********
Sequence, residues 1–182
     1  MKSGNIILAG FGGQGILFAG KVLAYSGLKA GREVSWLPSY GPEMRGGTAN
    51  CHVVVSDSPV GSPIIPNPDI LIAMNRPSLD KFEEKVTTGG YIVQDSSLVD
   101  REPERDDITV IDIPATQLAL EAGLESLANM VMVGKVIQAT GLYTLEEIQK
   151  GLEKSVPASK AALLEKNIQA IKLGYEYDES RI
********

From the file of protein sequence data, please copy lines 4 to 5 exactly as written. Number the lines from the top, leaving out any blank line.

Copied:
   101  REPERDDITV IDIPATQLAL EAGLESLANM VMVGKVIQAT GLYTLEEIQK
   151  GLEKSVPASK AALLEKNIQA IKLGYEYDES RI